Here again we see a rather muddled statement mixing allegations about the state of affairs in Buddhist societies (“unnatural barriers on relationship that stifles the fullest possible expressions of mercy and sacrificial love”) with theories about the causes for such a situation (“emphasizing detachment and the elimination of desire”). Again, the question is whether this description has anything to do with reality. As we all know, people, whatever their religious label, tend to ignore the ideals of their religions and do in fact often behave contrary to them. The general behavior of people in a society is therefore not a reliable source of knowledge about the ethics of a particular religion. Thomas Terry’s claim that Buddhism “contributes to suffering”, in the way he suggests, is therefore highly problematic. I think for instance that suggesting that Mongolians are “stifled” in regard to “expressions of mercy” compared to say, Russians or that Thais lack “sacrificial love” compared to, say Americans are highly risky statements that those thus characterized, with good reasons, would find very insulting.   

At this point I think is time to clear up some misunderstandings about Buddhism. Contrary to what some falsely claim, Buddhism does not go against what we may call “the pursuit of happiness”. Quite the contrary. Neither does it advice against seeking worldly happiness. What it does advice against is seeking worldly happiness at the expense of others. However, it also points out that there is a happiness higher that that dependent on worldly gains. The shift in focus involved in pursuing this higher happiness generally happen gradually as the individual matures in his understanding of life. There is thus nothing in Buddhism inhibiting the full expression of human emotions in relation to others.  

Then there is the claim that Buddhism fails to understand that “love cannot be experienced without suffering and sacrifice”. Again this is a false claim. Love as understood by Buddhism always implies a willingness of self sacrifice, as expressed by the following verse from the Buddhist scriptures:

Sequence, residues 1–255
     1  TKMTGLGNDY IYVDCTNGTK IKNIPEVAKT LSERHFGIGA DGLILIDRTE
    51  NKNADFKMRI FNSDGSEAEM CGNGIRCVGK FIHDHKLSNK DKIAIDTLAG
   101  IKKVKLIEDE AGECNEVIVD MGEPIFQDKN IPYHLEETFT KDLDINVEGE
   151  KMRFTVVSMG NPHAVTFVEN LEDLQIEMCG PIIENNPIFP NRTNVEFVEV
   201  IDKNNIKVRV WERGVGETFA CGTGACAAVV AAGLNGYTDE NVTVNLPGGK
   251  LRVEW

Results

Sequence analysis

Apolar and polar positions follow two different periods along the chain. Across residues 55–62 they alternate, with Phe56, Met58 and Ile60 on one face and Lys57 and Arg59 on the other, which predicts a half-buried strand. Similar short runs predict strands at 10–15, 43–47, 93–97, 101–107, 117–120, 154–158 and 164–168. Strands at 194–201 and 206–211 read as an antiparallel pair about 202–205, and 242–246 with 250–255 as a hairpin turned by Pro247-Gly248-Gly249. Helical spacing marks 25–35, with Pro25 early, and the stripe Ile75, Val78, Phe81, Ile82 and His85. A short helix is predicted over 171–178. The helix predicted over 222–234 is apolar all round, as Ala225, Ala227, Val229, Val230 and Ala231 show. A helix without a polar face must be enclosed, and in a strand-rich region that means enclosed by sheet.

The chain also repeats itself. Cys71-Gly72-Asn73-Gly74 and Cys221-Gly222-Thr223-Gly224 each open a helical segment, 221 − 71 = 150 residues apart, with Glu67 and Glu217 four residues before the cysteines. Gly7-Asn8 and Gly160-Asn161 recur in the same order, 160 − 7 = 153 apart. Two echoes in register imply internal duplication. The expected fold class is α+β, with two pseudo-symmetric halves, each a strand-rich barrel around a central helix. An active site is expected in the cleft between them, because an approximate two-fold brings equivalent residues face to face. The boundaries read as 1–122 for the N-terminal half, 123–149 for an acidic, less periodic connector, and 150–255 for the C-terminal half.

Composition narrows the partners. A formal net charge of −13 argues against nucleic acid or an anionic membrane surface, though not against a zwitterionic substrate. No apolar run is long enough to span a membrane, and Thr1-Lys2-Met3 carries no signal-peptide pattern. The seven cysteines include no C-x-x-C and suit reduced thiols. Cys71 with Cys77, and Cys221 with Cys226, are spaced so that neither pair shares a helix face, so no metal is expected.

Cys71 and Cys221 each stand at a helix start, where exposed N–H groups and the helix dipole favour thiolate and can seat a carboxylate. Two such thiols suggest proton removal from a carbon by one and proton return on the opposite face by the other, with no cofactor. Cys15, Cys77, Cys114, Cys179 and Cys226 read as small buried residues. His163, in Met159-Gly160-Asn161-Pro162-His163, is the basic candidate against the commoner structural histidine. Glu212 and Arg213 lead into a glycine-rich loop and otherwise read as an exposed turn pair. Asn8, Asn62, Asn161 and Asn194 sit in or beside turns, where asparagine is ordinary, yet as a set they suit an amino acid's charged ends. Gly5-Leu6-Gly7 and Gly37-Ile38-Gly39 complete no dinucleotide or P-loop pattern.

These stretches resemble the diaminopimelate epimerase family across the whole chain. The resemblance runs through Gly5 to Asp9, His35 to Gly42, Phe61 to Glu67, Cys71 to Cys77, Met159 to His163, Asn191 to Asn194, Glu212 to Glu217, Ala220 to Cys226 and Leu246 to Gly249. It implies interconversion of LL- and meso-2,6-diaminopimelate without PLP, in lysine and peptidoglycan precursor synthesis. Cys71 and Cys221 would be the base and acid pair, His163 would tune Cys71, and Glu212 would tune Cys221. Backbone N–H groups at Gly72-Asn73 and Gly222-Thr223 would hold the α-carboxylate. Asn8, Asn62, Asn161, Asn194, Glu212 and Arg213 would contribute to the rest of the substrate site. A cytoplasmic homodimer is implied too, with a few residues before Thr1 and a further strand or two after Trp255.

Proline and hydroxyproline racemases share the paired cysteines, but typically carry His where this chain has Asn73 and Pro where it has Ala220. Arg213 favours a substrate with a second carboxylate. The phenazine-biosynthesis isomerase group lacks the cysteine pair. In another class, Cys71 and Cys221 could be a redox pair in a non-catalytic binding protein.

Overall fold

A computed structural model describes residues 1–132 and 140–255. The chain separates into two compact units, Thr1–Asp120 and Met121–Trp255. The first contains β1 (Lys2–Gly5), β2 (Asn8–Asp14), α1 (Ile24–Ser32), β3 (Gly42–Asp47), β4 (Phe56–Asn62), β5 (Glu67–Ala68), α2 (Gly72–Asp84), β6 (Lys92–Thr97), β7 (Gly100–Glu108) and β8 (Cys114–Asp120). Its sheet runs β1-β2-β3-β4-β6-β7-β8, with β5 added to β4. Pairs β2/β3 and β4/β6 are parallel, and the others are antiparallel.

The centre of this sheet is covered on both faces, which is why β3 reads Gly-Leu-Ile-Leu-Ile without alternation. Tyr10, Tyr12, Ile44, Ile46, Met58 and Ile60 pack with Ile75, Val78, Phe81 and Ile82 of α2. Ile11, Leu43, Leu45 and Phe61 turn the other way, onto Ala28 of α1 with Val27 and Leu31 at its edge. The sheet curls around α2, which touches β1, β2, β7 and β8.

Even as a mother protects with her life 
    Her child, her only child, 
    So with a boundless heart 
    Should one cherish all living beings.11 

The willingness to sacrifice ourselves for the benefit of others have to be cultivated little by little so we get to the state where we may actually do so when needed: 

    Our Guide instructs us to begin

    By giving food or other little charities,

    That later, step by step, the habit once acquired,

    We may be able to donate our very flesh.12 

Sadly, Thomas Terry goes on with claims that are as false as those already put forward: 

    In religious practices like Buddhism, self-denial is practiced as part of achieving enlightenment. In other words, a person denies self in order to gain something for himself. …. The model from the Bible is radically different, and far nobler. We deny ourselves in order to benefit other people and God’s kingdom.13 
     

I will not comment here upon his description about the teaching of the Bible. I have included it, though, as it is so typical of his rather childish rhetoric of praising his religion by belittling others. But again he is falsely accusing Buddhism. One of the earliest passages from the Buddhist scriptures recounts how the Buddha told his first sixty monk disciples, who had achieved enlightenment, and thus had nothing more to gain for themselves, to go out in the world to help others achieve the same goal as they had achieved:   

    Go forth, monks, for the good of the many, for the happiness of the many, out of compassion for the world, for the good, benefit, and happiness of gods and men.14

This principle has been upheld as fundamental in all traditions of Buddhism. A text often referred to by His Holiness the Dalai Lama is the Bodhicaryavatara which includes the following verse: 

    As long as space remains, 
    As long as sentient beings remain, 
    Until then, may I too remain 
    And dispel the miseries of the world.15 

A brief study of the Buddhist scriptures should make it abundantly clear that the allegation of Thomas Terry that a Buddhist only “denies self in order to gain something for himself” is utterly false and a grave misrepresentation of Buddhism.